Tuesday, April 7, 2015

Breastfeeding after a boob job

Scimex: An Australian study has found that one in five women who undergo breast augmentation may be subsequently unable, or unwilling, to breastfeed their infants, after following the breastfeeding habits of 378 389 women, 892 of which had prior breast augmentation. They found that only 79 per cent of women who had prior breast augmentation were able to provide breast milk for their baby at the time they were discharged from hospital, compared with 89 per cent of women who had not had breast augmentation.

One in five women who undergo breast augmentation may be subsequently unable or unwilling to
breastfeed their infants, according to research published in the Medical Journal of Australia.

Of 378 389 women who gave birth in New South Wales between January 2006 and December 2011, 892
had prior breast augmentation. Of those, 79% (705) were able to provide any breast milk to their infant at
discharge from hospital, compared with 89% of women who had not had breast augmentation, the
researchers from the Kolling Institute and the University of Sydney, led by Associate Professor Christine
Roberts, found.

"However, among women who provide breast milk, women with breast augmentation are no more or less
likely to exclusively breast milk feed their infants", they wrote.

The rate of breast augmentation is on the rise in Australia, with 8000 women undergoing the procedure in

"These findings underscore the importance of identifying, supporting and encouraging all women who are
vulnerable to a lower likelihood of breastfeeding", the researchers wrote.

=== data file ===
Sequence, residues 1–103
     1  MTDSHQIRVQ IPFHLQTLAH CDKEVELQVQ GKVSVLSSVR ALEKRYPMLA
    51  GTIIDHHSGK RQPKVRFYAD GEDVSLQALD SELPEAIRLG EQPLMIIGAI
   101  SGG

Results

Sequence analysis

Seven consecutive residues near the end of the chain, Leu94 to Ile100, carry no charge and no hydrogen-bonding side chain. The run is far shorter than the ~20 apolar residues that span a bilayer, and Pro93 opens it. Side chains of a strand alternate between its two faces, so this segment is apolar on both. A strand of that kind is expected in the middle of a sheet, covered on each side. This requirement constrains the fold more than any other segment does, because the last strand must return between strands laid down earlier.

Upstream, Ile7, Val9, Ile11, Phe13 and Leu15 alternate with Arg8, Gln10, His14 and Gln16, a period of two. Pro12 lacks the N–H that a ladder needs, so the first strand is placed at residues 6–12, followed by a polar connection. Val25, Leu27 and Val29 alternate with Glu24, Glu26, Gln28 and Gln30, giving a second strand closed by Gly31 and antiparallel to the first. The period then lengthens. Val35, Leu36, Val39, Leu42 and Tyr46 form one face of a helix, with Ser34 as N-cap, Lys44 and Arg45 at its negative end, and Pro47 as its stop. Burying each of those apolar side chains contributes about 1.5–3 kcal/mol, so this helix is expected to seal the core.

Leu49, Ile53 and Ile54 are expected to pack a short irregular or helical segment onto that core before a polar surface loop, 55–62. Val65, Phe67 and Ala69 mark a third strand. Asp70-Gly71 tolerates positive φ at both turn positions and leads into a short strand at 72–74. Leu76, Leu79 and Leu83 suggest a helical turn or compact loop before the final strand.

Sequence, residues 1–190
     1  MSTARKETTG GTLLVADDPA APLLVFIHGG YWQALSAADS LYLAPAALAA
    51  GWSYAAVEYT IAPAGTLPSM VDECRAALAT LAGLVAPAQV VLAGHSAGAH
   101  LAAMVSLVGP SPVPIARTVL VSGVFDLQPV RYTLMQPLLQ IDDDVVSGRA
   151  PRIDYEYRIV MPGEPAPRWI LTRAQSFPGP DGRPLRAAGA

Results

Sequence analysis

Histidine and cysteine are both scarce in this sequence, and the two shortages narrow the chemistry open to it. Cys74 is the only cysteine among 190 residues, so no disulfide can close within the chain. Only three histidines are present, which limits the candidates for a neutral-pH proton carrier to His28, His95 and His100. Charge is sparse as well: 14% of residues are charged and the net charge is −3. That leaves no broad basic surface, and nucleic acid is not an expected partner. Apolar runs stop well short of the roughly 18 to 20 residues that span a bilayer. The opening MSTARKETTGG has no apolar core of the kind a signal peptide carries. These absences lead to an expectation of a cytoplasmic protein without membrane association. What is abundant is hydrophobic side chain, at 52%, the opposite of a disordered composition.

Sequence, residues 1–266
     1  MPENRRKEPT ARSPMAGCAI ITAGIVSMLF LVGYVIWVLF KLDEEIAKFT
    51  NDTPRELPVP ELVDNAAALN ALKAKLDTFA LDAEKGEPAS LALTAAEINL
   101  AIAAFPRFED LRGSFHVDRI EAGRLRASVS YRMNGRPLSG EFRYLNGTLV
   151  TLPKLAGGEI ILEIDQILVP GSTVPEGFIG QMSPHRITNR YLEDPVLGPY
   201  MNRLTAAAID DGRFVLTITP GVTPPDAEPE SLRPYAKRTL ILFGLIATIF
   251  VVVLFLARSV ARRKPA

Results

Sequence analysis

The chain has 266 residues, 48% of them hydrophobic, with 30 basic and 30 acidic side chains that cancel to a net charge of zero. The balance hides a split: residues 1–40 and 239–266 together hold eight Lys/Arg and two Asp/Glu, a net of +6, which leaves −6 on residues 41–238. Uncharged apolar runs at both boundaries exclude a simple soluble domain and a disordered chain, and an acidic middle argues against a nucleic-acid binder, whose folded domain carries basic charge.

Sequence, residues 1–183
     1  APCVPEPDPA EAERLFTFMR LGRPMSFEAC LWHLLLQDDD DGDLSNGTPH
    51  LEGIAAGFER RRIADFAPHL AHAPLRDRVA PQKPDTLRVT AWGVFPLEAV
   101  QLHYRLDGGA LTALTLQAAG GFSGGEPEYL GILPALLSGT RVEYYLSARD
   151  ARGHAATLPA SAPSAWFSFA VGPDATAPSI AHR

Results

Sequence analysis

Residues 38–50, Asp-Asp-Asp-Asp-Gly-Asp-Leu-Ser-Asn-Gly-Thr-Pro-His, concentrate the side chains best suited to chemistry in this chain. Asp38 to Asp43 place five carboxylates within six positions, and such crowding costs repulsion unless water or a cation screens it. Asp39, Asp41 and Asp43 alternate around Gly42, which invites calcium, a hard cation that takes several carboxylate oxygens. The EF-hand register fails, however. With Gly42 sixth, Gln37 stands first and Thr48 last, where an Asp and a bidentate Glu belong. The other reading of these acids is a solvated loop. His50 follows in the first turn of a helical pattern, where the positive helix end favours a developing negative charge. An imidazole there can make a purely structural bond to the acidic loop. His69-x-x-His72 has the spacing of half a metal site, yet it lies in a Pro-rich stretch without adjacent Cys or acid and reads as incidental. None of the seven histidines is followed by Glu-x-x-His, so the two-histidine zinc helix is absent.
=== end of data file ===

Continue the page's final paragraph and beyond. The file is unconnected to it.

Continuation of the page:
Although the possible mechanisms involved in reduced breastfeeding after augmentation remain "unclear",
a factor affecting willingness to breastfeed could be that "women with breast implants may fear transmitting
silicone or other breast implant materials into breast milk". However, studies investigating women who have
silicone breast implants, and their breastfed infants, have not substantiated links with adverse outcomes.

"They may also fear, or have been told by their surgeon, that breastfeeding could undo a satisfactory
augmentation result.

"Another explanation is that lactiferous ducts, glandular tissue or nerves of the breast are damaged during
surgery, or by pressure from the implants on breast tissue.

"Furthermore, complications of the surgery including capsular contracture, haematoma formation, infection
or pain may reduce the ability or desire to breastfeed."

Roberts and colleagues concluded that their finding that one in five women are unable or unwilling to
breastfeed after augmentation "should be provided as part of informed decision making to women
contemplating breast augmentation surgery".